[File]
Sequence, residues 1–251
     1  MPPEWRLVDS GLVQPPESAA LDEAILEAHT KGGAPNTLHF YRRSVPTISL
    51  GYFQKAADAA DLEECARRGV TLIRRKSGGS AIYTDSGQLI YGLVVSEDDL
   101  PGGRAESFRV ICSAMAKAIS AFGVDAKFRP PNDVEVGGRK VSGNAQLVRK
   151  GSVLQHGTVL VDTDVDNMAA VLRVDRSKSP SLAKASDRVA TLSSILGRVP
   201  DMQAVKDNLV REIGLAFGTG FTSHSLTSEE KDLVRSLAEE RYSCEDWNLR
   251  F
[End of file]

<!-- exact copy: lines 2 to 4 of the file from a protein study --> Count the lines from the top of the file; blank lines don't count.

     1  MPPEWRLVDS GLVQPPESAA LDEAILEAHT KGGAPNTLHF YRRSVPTISL
    51  GYFQKAADAA DLEECARRGV TLIRRKSGGS AIYTDSGQLI YGLVVSEDDL
   101  PGGRAESFRV ICSAMAKAIS AFGVDAKFRP PNDVEVGGRK VSGNAQLVRK